Click image to enlarge
Competitors covered 36 of the planned 38 stages (two were cancelled), ranging in length from four to 40 km through a variety of conditions designed to challenge both car and driver. The Gander South stage, for instance, had all vehicles charging around corners of a suburban subdivision at well over 100 km/h, with residents getting VIP seating on their front porches just metres from the action.
Likewise, stages through the tiny towns of Greenspond and Grand Bank appeared to attract their entire populations as spectators lined a route that was sometimes little more than a back lane, or barely wider than a driveway, with steep hills to climb or descend throughout. The ocean was never far away in these stages, and although all drivers managed to keep their cars out of the water, several left the road in dramatic fashion (no injuries to drivers or spectators were sustained, however).
The variety of cars competing in this year’s event was a continuing source of fascination for local residents (and for many race participants). Modern cars like Harald von Langsdorff’s 2004 Cadillac CTS-V, Jeremy Sinek’s 2004 Mazda RX-8 and Jeff Green’s Audi RS6 contrasted with classics like Mike Salter’s 1953 Austin Healey, Jerry Churchill’s 1963 Chevrolet Impala and Brian and Ken Jarvis’s 1975 BMW 2002 Tii (the Jarvis’s crashed this car in last year’s event, but were back for another try).
Race participants, support crews and organizers travelled through most of eastern and central Newfoundland, spending nights in Gander, Clarenville, Marystown and the city of St. John’s as the event progressed. In the evenings, cars assembled in local arenas for popular Targa shows, where drivers and navigators busily signed autographs for local residents.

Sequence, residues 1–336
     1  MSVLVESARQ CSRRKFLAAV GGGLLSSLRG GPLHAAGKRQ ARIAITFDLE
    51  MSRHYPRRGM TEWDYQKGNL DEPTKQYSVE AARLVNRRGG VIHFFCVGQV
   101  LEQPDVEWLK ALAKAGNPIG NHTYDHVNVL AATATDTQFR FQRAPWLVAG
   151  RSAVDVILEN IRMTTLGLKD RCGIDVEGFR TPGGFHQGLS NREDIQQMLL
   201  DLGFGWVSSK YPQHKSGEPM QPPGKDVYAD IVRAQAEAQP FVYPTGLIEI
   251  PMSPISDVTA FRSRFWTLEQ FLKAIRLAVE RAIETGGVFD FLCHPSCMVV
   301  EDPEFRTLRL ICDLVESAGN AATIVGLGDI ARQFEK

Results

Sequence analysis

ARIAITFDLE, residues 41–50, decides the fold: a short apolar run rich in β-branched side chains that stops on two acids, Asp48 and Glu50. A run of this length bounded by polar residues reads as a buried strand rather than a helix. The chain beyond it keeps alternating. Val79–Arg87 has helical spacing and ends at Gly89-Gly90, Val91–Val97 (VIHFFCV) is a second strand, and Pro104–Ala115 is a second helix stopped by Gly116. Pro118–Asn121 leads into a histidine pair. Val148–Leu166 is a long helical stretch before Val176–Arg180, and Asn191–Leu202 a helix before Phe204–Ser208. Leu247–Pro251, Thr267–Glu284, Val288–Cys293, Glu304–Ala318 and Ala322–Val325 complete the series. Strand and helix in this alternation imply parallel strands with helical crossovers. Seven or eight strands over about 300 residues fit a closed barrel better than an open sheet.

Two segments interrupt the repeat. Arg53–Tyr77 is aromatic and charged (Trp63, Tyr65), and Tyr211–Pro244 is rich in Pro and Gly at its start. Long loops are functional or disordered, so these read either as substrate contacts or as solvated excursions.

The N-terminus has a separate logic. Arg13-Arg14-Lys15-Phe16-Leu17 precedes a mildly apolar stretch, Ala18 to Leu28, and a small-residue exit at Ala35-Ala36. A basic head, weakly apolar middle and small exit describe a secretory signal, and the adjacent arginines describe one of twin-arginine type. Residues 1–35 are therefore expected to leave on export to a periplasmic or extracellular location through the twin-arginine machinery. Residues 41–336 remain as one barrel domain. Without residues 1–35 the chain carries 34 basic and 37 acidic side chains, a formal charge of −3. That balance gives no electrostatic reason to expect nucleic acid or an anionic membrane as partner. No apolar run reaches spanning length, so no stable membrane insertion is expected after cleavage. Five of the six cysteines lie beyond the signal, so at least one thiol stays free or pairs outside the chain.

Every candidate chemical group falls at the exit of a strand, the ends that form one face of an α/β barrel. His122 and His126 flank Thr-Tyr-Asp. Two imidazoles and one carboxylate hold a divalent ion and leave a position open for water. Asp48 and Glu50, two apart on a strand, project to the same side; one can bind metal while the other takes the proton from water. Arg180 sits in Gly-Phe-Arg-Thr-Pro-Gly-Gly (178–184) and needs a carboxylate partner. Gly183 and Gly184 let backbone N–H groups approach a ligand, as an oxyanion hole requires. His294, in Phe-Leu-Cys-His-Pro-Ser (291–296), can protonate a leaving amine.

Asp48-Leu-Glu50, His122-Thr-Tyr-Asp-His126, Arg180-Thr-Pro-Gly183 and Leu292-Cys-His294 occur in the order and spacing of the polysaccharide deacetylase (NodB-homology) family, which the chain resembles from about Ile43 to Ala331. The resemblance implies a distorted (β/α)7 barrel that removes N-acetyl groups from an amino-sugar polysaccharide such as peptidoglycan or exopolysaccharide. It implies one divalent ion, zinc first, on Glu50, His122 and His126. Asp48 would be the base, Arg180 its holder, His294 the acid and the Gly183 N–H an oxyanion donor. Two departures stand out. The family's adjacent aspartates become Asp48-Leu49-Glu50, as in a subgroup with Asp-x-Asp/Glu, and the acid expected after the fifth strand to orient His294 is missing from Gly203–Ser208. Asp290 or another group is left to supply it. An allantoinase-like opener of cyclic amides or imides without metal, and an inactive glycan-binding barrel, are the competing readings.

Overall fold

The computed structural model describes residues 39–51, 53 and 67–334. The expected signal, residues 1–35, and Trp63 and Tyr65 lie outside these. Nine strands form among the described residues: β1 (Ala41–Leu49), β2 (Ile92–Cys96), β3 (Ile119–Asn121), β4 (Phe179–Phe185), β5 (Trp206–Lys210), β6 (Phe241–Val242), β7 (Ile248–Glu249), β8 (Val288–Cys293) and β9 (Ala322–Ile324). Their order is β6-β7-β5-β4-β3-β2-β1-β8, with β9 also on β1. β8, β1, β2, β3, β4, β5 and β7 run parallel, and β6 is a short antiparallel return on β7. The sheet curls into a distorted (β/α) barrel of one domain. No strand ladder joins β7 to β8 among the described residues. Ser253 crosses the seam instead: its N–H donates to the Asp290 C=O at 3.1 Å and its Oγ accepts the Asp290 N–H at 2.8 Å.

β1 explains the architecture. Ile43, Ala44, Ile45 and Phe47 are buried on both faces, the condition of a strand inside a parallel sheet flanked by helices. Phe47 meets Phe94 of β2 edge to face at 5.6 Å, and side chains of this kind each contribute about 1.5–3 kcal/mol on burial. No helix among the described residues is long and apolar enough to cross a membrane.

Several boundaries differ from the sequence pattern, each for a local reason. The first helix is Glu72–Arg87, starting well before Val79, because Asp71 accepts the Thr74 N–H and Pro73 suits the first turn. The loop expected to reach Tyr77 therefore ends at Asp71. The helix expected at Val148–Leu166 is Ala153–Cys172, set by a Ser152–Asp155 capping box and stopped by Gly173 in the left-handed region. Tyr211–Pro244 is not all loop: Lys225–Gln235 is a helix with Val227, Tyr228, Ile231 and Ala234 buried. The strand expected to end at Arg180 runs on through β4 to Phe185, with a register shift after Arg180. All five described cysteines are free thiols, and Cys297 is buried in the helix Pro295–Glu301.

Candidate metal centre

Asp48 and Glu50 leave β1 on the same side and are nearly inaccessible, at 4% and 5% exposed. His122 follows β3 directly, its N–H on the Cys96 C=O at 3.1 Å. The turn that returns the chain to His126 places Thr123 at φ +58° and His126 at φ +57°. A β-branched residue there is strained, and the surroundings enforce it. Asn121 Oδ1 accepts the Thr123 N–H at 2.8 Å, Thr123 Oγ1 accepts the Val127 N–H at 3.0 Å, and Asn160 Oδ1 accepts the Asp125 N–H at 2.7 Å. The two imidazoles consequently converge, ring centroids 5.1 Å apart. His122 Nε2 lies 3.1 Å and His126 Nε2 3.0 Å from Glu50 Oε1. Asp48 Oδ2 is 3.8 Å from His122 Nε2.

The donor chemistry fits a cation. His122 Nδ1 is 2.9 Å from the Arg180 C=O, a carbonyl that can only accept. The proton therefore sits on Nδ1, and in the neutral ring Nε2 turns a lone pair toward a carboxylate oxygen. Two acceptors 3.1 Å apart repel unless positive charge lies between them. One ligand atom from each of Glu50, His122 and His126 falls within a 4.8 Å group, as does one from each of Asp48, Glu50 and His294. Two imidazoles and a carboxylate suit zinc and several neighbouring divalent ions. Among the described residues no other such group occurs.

This is a great event for anyone who loves driving, and loves to travel. The legendary hospitality of Newfoundlanders was humbling for all involved. For Touring competitor Richard Stoddard from Connecticut, this is his second Targa event driving his pride-and-joy, “Team Redbird’s” 2002 Ford Thunderbird.
“For me, I love the driving,” said Mr. Stoddard, “But most of all, meeting the people here is just magical. The kids especially, they love seeing the cars and talking to the drivers, so I’m happy to stop when I can.”
Sharing a similar sentiment, London, Ontario’s Dick Paterson, allowed children along the route to sign the white roof of his 1959 Mini. By the end of the event, his vehicle graphically symbolized the appeal and support for the Targa Newfoundland by local resident, over 2000 of whom volunteered to help with its organization and management.
But this interim time control business was not popular among many of the Touring class competitors. Some, like Montreal’s Thierry Parisot in his Porsche GT3 and Richard Adams in his Chevrolet SSR, simply didn’t bother trying to maintain the average speeds, and blasted through the stages at a dizzying pace (which didn’t endear them to the organizers).
Others took a more leisurely approach, enjoying the flavour of a rally, without competing seriously.
Targa Newfoundland 2005 is set for September 10 next year. Organizer Robert Giannou and his team are aiming for 150 participants on race day in Placentia. Check www.targanewfoundland.com for more details.